How to Keep Cash Flowing: Any business survives, long term, on positive cash flow. Fortunately, managing cash flow isn’t magic. It’s not even hard to do if you follow a step-by-step process, and keep a close eye on the cash moving into and out of your business. Why? Cash flow impacts all business operations, from sales to accounting to equipment and supplies

Conduct credit checks: With every new client or customer, determine if the business or individual is credit-worthy by conducting a credit check – a payment history. It costs a few dollars, but may save thousands of dollars by avoiding deadbeats with a poor payment history.

Accept “fast” payment methods: Credit cards, ACH and wire transfers, and remote deposit of checks can equip your company to move receipts into your bank account faster.  Click here for information about Remote Deposits from Nevada State Bank®, a service that allows you to scan paper checks at your place of business, accelerating the check clearing process.  This reduces the time it takes to get money into your bank account.  Accelerated check clearing can also reduce the risk of fraud by allowing returned items to be identified sooner, so they can be collected.

Manage accounts receivable: Get paid on time – or early – so cash flows more quickly. Use customer relationship management (CRM) software to track payments, deliveries and identify downstream cash flow problems before they become problems.

Collect on overdue accounts: Create and follow a collection process so your company is paid on time – according to a contractual agreement. Get it in writing so you and your customers aren’t faced with unexpected surprises.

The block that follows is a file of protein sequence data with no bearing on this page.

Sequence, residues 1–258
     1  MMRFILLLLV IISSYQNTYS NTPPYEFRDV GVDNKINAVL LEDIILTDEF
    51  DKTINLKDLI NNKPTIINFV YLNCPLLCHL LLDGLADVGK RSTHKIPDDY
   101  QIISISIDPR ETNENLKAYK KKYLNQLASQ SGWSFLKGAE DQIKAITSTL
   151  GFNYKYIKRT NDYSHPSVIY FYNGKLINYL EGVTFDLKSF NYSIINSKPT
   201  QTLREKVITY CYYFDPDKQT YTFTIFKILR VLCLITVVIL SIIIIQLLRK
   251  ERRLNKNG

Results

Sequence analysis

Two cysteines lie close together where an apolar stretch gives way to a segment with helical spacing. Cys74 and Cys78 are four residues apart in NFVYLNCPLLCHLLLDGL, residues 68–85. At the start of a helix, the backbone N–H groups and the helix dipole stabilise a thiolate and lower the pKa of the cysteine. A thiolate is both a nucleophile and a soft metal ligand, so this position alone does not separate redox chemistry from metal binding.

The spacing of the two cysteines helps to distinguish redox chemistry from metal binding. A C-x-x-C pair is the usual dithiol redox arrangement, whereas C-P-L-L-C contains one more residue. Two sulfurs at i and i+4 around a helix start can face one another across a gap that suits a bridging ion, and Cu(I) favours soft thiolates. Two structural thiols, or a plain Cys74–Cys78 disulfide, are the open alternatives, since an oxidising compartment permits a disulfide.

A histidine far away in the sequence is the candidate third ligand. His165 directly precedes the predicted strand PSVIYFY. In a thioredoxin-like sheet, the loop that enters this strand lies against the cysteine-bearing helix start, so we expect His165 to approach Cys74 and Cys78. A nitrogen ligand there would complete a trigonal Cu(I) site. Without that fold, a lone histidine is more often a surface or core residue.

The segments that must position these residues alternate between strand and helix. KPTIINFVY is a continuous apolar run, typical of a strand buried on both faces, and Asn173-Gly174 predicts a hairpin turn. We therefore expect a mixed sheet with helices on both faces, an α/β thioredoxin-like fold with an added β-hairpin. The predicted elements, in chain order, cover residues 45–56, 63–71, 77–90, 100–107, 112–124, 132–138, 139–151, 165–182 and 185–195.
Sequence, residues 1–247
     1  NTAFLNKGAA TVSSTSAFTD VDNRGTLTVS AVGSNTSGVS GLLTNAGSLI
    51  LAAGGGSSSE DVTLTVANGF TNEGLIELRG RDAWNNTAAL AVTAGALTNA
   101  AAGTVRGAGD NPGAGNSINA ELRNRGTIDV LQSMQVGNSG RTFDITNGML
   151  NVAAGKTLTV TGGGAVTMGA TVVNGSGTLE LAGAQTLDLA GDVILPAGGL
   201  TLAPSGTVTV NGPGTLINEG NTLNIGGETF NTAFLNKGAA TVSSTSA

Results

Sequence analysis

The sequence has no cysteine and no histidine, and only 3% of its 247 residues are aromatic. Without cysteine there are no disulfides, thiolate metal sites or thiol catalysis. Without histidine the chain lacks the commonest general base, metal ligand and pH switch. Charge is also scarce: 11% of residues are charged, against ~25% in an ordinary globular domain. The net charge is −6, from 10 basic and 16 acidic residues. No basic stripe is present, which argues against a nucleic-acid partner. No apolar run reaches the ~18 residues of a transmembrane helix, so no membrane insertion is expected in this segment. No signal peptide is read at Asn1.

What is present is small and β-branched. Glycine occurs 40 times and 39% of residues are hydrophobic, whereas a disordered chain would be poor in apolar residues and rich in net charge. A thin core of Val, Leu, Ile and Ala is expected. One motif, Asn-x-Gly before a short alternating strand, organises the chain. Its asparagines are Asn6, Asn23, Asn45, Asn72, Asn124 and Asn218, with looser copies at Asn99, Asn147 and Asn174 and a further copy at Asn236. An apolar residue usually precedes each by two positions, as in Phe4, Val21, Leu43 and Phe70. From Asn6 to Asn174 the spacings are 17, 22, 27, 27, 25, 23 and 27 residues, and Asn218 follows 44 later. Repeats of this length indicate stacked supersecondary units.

Run lean: Minimize work in progress, maximize shipping and delivery times, and keep as much cash as possible in your account rather than using that cash to pay for business operations. A safety net will help you sleep soundly at night.

Keep inventory low: Funds tied up in inventory can’t be used for other purposes. The key is to maintain sufficient inventory – but not too much. Order inventory just before it’s needed and just before it’s shipped.

Pay on your terms: Pay bills on time, unless there’s an incentive to pay early, like a 10% discount on inventory that’s paid for on delivery. Also accept inventory on consignment or find other ways to extend payment terms to keep more cash in your business.

Overcome a cash crunch: If you do find yourself short of cash, lines of credit and short-term loans can free up the cash you need to keep moving forward and keep growing your business!

Track Cash Flow to Stay Afloat.  Optimizing cash flow is simple, but it shouldn’t be simplistic. Track money in and money out at least weekly, and use CRM to track slow pays and clients who need a phone call to collect past due accounts.  Drop the deadbeats and keep your best clients and customers happy with fast turn-around of goods and services, extended credit and even discounts for early payment.

There’s no way to avoid the ups and downs that are part of the business cycle, but there are lots of things small business owners can do to smooth out cash flow from month to month.  Step one? Understand cash flow – where the money comes from and where it goes – using CRM and best accounting and business practices. These are the keys to keeping cash on hand and the company afloat – even if it has been a slow quarter.

To find out more about cash flow solutions for your company, contact a business advisor at any Nevada State Bank Business Center.

 

The information contained herein may not represent the views and opinions of Nevada State Bank or its affiliates.  It is presented for general informational purposes only and does not constitute tax, legal or business advice.